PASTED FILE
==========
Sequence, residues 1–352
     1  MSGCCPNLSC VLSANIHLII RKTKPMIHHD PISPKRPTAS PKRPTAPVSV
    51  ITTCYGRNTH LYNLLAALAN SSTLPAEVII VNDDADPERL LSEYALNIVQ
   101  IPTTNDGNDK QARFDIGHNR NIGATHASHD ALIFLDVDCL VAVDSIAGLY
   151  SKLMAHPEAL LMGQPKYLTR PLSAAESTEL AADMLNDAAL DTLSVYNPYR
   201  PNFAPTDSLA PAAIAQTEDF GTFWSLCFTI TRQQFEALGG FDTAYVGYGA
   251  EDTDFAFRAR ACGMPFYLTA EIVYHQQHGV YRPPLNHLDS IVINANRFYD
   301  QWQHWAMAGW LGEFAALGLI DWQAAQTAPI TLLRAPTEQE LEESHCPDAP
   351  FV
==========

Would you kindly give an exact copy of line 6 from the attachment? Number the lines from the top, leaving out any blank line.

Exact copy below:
   201  PNFAPTDSLA PAAIAQTEDF GTFWSLCFTI TRQQFEALGG FDTAYVGYGA